Another kind of human: researching Neanderthal archaeology

As I described in my first post, my research is on the last Neanderthals, a field I find fascinating through the ‘alternate universe’ of hunter-gatherer adaptations and lifeways they represent as a different kind of human. I’m a lithics geek, which means I study, in loving detail, the stone tools that Neanderthals made and which were fundamental to their everyday lives. My PhD involved looking at the evidence from Britain of the re-occupation by Neanderthals of this landscape around 55,000 years ago, after they had been absent for about a hundred thousand years. This meant in practice spending a year visiting a LOT of museums, to record information from over 1000 stone tools. This might sound like a big number, but in fact it’s a very small sample when you’re talking about sites which probably span over 10,000 years in time. Big French cave sites of the same period can have ten times that amount of lithics from a single occupation layer.

After this recording phase was another year (or two…) of data crunching to find out what the stones were telling me. The results showed that Neanderthals moving into Britain during a very unstable climatic period (termed Marine Isotope Stage 3; we’re now at Stage 1, and the last proper ice age was Stage 2) were living very mobile lives, with a highly organized technological strategy that promoted flexibility in their tool production and maintenance.  So where am I now two years later, on 29th July in 2011?

At the moment I have several different projects, and multi-tasking is definitely something as a researcher you need to get to grips with. I’ve just got back from three-weeks of fieldwork in Jersey, as part of a really exciting project called the Quaternary Archaeology and Environments of Jersey, which will be featured in the first episode of the new Digging for Britain tv series. Although Jersey is a small island, it has a fantastically rich archaeological record.  We’re interested in the hunter-gatherers who lived there from the Neanderthals right up to the people who lived in the forested landscapes after the last ice age. My part in the project is to study the lithics (stone tools) from the upper layers of one of the most important Neanderthal sites in the world, a collapsed cave/ravine called La Cotte de St Brelade.

La Cotte de St Brelade, Jersey. The original excavations were underneath and behind the rock arch, originally thought to be a cave until the roof of sediment collapsed in the early 20th century.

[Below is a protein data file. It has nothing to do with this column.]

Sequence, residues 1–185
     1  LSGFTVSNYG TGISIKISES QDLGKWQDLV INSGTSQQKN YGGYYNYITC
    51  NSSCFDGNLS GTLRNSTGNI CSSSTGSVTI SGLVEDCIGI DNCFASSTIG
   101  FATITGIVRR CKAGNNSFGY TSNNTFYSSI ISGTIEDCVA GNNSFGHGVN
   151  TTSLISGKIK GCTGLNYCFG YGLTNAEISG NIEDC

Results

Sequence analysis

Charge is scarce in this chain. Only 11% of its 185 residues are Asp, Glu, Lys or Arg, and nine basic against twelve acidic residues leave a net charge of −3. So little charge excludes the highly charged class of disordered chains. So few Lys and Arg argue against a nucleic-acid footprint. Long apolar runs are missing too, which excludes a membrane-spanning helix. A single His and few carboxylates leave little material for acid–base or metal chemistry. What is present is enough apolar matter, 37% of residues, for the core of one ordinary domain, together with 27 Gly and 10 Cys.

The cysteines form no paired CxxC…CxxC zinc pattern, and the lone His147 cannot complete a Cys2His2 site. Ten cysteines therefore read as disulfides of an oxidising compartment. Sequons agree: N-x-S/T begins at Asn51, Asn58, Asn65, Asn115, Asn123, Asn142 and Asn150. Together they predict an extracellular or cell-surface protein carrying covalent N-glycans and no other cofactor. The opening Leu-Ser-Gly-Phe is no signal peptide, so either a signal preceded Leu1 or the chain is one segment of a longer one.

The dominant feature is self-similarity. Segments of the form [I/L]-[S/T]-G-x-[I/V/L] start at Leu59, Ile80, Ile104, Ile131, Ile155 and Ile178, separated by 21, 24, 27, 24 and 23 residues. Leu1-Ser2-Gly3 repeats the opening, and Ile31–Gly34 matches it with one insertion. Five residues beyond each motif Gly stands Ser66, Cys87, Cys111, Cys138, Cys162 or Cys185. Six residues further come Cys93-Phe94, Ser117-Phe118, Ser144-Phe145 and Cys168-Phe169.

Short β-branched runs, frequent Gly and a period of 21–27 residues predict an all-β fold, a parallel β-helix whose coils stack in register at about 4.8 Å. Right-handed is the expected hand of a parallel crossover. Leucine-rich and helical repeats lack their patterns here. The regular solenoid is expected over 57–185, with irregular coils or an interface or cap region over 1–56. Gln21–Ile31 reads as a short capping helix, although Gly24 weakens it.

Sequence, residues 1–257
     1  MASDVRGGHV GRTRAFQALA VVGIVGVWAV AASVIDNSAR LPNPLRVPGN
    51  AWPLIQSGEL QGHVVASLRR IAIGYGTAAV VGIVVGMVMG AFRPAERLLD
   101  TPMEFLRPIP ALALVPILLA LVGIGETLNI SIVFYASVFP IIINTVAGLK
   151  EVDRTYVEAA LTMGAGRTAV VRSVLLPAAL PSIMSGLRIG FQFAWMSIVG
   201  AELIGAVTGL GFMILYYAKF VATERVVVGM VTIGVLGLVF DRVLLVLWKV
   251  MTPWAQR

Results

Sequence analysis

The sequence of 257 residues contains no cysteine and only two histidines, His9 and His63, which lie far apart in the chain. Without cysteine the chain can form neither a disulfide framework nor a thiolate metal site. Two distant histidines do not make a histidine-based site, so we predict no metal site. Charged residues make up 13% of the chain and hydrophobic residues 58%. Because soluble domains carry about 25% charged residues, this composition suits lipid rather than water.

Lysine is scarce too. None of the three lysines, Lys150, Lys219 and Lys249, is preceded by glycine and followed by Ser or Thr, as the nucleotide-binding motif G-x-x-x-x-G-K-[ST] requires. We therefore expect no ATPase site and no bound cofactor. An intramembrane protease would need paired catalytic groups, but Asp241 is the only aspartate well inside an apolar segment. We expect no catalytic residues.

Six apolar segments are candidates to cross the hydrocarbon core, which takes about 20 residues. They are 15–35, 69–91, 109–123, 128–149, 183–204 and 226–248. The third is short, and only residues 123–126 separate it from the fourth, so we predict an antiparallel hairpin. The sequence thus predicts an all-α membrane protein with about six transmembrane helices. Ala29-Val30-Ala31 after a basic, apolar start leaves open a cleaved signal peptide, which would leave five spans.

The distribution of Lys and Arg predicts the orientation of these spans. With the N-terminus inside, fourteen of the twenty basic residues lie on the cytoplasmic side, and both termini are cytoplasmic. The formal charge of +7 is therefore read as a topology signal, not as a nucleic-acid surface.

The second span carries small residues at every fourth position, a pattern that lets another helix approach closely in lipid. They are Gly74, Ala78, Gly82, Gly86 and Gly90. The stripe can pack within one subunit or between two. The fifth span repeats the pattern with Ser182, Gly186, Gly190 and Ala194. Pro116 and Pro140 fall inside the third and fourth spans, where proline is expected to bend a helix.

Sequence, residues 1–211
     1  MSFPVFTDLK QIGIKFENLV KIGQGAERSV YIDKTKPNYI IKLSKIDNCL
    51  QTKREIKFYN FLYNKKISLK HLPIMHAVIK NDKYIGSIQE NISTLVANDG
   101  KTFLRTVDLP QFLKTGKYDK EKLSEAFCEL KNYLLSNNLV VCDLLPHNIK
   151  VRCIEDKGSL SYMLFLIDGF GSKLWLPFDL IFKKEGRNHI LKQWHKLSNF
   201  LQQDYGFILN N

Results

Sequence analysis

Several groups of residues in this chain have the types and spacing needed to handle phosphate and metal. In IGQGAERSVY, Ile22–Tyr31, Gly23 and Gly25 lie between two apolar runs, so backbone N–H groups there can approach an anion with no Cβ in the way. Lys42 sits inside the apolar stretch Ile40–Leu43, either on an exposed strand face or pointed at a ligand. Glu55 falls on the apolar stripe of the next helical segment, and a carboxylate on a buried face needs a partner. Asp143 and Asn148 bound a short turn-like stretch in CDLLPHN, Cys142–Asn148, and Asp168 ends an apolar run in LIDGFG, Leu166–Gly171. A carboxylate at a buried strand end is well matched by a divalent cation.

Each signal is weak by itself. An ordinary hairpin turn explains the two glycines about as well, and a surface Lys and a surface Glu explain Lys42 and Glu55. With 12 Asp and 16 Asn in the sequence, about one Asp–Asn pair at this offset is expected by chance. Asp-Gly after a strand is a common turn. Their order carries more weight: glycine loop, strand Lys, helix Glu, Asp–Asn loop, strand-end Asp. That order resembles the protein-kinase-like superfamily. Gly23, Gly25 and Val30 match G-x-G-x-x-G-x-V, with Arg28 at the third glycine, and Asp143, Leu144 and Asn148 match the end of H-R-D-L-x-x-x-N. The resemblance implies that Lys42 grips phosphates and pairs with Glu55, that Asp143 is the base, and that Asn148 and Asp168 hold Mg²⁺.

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Neanderthals in Limbo

So, you’ve got a PhD in archaeology, what next?  I’m a Neanderthal researcher at that strange point which a few lucky people manage to miss in their career path: post-PhD, but not yet officially a ‘Postdoc’, with a paid position on a research project. I submitted my PhD in 2009, and after a long and nervous wait, passed my viva in February 2010, transforming into a Doctor of Archaeology. So far, so good, right?

Things are not as straightforward as PhD = job.  The next stage in forging an academic career involves trying to do two conflicting things: publish a ton of papers from your PhD in “high-impact” journals and books, and at the same time, write kick-ass funding and job applications, the success of which depends to a large part on your publication record. Oh, and earn some money to live on too…

My posts today will be about the reality of this process: what kinds of things a normal aspiring Postdoc does to try and get a foot on the ladder in a research career in archaeology. I’ll start by talking about my research in Neanderthals, and how this has led to where I am now: working on several very exciting projects (including one which will soon be featured on the new Digging for Britain television series!). Then I’ll get onto the funding/publishing merry-go-round: what I am juggling today, 29th July 2011, in terms of applications, writing, and planning for future collaborations. So, not a lot of digging, but certainly a lot of hard work and hopefully an insight into what goes on behind the scenes of cutting-edge research into the funkiest hominin species of all time!

Recording Neanderthal artefacts at Jersey Museum in July